DC to open ‘real-time’ crime center with 9 regional police agencies

DC to open ‘real-time’ crime center with 9 regional police agencies

D.C. Mayor Announces Real-Time Crime Monitoring Center

Mayor Muriel Bowser unveiled a new initiative in the fight against rising crime in Washington, D.C. — a Real-Time Crime Center (RTCC) where regional and federal police, along with transportation agencies, will collaboratively monitor crime data in real-time. The center, located in the Marion Barry Building in Northwest D.C., will involve nine police agencies, including the U.S. Capitol Police, Metro Transit Police, Prince George’s County Police, and more. The initiative aims to leverage technology, including Closed Circuit Television (CCTV) cameras and emergency calls, to enhance the coordination and response to criminal activities.

Multipronged Approach and Collaborative Efforts

Mayor Bowser reiterated her commitment to turning down crime trends, citing a multipronged approach to address the challenge. The RTCC will be supported by various agencies, including D.C.’s Homeland Security and Emergency Management Agency and the D.C. Housing Authority Police Department. Federal agencies such as the ATF, FBI, and U.S. Marshals Service will also contribute to the initiative. Police Chief Pamela Smith emphasized the importance of utilizing technology and real-time response, aligning with the recently announced ATLAS strategy.

Technological Focus and Privacy Concerns

While the RTCC will leverage technology for real-time monitoring, Chief Smith clarified that the center will not use AI and facial recognition. The initiative will utilize video surveillance from cameras across D.C., but specific details about the number of cameras to be used are still in the procurement process. Mayor Bowser dismissed concerns about the center diverting resources from crime prevention efforts, emphasizing that prevention initiatives involve collaboration with various agencies.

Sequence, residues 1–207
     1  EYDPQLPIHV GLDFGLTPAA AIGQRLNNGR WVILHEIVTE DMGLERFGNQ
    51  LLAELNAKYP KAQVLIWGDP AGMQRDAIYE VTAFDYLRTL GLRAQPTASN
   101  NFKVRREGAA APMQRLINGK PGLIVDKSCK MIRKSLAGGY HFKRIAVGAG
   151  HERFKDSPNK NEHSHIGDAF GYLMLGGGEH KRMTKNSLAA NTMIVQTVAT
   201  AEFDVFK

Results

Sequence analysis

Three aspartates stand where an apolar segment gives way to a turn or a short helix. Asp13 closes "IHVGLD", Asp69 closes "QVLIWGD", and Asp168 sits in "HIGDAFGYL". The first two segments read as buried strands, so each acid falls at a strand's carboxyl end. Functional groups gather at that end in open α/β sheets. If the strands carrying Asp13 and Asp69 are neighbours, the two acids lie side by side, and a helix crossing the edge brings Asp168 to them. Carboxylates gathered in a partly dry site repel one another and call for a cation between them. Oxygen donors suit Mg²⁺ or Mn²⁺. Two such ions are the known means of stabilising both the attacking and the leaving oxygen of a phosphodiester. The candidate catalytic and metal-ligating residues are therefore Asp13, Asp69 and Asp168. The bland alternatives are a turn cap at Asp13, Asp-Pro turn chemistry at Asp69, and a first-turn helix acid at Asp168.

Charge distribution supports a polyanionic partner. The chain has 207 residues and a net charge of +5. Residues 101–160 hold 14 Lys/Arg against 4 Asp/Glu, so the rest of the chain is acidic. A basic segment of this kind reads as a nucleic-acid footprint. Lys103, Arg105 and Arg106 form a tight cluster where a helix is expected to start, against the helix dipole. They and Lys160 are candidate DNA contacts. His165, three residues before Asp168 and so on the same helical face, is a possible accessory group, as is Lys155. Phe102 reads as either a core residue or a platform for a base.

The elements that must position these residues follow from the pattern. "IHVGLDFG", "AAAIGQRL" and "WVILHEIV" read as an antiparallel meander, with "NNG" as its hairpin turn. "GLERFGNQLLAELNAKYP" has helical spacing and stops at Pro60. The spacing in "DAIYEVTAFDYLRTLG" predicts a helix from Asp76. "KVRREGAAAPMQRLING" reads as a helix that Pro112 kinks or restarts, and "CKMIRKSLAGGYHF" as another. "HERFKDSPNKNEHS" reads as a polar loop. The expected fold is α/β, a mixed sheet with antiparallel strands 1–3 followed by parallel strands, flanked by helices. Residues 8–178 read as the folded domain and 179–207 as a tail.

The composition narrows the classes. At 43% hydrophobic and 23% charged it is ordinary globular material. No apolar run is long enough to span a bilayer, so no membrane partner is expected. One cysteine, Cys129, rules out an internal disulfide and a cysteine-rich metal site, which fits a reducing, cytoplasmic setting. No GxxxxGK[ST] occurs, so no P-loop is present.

Privacy Concerns and Community Perspectives

Monica Hopkins, the executive director of the D.C. chapter of the American Civil Liberties Union (ACLU), expressed concerns about privacy and government surveillance. She raised questions about the oversight, transparency, and accountability of the real-time surveillance center, highlighting potential threats to individual rights. Mayor Bowser countered these concerns by stating that community members have expressed interest in expanding the use of cameras in their neighborhoods. While recognizing that cameras cannot replace live police officers, Bowser emphasized their role in enhancing law enforcement’s presence in various locations.

Community Reporting and Ongoing Public Safety Efforts

Despite the implementation of real-time surveillance, Chief Smith emphasized the continued importance of community reporting of crimes through 911. Mayor Bowser stressed the evolving perspective on video surveillance in the community, noting that people are now interested in having CCTV cameras in their neighborhoods. The Real-Time Crime Center is part of the broader strategy to address crime trends in Washington, D.C., and its success will be evaluated based on its contribution to enhancing public safety.